Exciting update on two pieces of software from the Open Virtual Worlds research group.
It puts an abstraction layer over the top of the NUI device to
hide the gory details of the original API and allows the developer to
focus on what they are trying to use the device for. It aims to ease
cross platform support, support for different devices, development and
experimentation with new NUI input parsing algorithms, integration of
new algirithms and code clarity.
The second is Armadillo.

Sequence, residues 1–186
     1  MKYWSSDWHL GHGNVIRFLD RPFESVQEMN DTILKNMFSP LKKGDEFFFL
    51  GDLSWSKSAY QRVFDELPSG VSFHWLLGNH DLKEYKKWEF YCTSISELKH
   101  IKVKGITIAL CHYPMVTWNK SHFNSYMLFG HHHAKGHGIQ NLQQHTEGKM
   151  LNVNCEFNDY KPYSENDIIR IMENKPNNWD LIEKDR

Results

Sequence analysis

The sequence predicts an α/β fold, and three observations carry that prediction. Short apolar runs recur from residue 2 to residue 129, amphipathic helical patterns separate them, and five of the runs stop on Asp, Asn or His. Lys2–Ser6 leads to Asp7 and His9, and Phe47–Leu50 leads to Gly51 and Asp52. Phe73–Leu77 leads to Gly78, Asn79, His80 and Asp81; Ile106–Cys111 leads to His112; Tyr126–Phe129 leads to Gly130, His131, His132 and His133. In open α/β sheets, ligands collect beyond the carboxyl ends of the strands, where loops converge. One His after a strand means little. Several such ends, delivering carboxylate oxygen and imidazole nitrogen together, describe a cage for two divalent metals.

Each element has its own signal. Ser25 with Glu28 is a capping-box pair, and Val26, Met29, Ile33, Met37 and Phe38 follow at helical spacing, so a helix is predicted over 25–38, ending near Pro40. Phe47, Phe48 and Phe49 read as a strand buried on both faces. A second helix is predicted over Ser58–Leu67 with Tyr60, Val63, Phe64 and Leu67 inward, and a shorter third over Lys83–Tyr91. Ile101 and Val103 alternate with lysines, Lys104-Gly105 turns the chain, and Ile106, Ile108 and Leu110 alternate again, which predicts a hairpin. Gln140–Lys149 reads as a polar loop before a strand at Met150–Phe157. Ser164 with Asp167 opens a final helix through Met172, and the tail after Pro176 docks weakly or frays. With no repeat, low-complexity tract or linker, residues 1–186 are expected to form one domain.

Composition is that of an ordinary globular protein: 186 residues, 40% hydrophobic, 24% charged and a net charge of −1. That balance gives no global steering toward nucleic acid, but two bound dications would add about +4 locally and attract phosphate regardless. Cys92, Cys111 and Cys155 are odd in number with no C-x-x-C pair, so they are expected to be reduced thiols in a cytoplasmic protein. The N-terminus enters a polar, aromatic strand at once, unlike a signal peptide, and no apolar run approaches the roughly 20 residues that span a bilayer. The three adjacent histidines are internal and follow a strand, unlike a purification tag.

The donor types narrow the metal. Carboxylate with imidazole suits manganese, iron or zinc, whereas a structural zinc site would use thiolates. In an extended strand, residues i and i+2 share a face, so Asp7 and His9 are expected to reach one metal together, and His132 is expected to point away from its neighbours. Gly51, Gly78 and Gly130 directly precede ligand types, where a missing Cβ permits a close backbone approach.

This is a Virtual World client modified to support Kinect input. Users
can perform gestures to move their avatar through the world without having to interact with the computer itself. Helpful in museum or school installation
A video of Armadillo in action is available on the Open Virtual Worlds’ facebook timeline.
Kinect integration in Armadillo was achieved solely using NuiLib.
Talks are underway to include Armadillo in an
educational pilot program across 38 schools in Ireland and as part of a
Virtual World performance art project.
Both projects were developed by John McCaffery. You can find him in Room 0.09 (Jack Cole Building).
If you are starting on a Kinect project and want
to look at NuiLib or would like to superman your way through the Open
Virtual Worlds group’s reconstruction
of St Andrews Cathedral send him an email or pop in for a chat.